The Halmahera collection consists of 10 bundles of speech, instrumental music and songs recorded with the Sahu people in the 1980s. The Sahu live in the north western part of the island of Halmahera in the North Moluccas, Indonesia. They presently number about 25,000 people. Like several other language groups on the northern peninsula of the island they speak a Non-Austronesian or Papuan language. The island was tributary to the Sultans of Ternate, evidence of which can still be encountered in Sahu culture.
Around the turn of the 20th century, Dutch Protestant missionaries compiled dictionaries on the languages of Galela and Tobelo in the north east. In 1987 a Sahu-Indonesian-English Dictionary and Grammar Sketch was published (Visser, L.E. and C.L. Voorhoeve). Recently, linguists from the Summer Institute of Linguistics have become involved with several of the Halmahera languages, including Sahu.
The collection was created by Professor Dr. Leontine Visser of Wageningen University and Research. Professor Visser writes: “Data was gathered during a two year stay and several shorter visits (1979-1988) for my anthropological Ph.D. research at Leiden University. Since Halmahera, and Sahu in particular remains little known until today, after retirement from Wageningen University I decided to digitize all my research data and provide detailed descriptions to be published online. Photos and slides from Sahu have been made accessible for free on the collection site of the National Museum of World Cultures in Leiden (search for “Halmahera” on their website).
Thanks to the Language Archive of the Max Planck Institute images from the Leiden collection are now supplemented and enriched by the online availability of the recordings of the discourses and history as well as the sound of drums and gongs, the unique legu dance and falsetto singing (i’o). The recorded Sahu language texts have also been transcribed and translated into English. Each bundle also contains reference to my publications on Sahu agriculture, everyday life, and the annual harvest festival”.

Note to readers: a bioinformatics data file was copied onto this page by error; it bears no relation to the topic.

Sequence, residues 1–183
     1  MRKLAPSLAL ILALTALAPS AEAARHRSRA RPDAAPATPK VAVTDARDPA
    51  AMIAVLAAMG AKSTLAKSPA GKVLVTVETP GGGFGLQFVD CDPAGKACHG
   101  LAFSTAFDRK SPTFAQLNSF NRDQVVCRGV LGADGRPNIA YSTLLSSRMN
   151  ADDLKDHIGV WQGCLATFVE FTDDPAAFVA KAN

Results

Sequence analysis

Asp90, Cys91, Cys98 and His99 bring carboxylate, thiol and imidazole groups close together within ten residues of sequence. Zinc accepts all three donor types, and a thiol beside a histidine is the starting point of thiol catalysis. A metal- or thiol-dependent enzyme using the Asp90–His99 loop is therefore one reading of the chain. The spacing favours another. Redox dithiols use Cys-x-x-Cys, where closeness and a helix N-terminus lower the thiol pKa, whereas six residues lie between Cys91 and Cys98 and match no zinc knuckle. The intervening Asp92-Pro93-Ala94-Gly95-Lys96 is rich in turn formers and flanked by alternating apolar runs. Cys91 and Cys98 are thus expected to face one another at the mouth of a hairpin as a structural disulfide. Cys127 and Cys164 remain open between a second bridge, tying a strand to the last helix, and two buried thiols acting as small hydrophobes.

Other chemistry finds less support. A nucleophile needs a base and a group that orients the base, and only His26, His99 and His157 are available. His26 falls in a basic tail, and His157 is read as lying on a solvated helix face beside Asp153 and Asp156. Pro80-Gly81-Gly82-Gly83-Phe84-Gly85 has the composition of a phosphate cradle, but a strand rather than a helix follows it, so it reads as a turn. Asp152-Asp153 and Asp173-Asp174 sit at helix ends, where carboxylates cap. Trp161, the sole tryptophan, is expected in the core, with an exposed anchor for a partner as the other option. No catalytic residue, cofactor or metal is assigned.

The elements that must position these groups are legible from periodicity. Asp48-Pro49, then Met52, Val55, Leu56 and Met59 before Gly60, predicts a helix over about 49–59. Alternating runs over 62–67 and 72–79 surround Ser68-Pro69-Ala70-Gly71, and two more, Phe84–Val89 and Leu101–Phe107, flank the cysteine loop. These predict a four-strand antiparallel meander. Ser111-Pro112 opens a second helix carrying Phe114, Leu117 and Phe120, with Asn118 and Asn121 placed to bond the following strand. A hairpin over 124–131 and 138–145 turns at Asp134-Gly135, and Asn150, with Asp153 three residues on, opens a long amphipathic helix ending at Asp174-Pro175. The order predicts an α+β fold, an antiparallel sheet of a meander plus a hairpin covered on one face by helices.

The Head of The Language Archive, Paul Trilsbeek writes "We are very pleased that Prof. Visser approached us for archiving the speech and music recordings she made with the Sahu people on the island of Halmahera in Indonesia in the 1980s. Until now there were very few resources available on the Sahu language in the various archives. Having a specialised archive like ours take care of these unique materials is the best way to ensure that they are being adequately preserved and can be made available to interested users now and in the future."
The Halmahera collection at The Language Archive can be accessed here.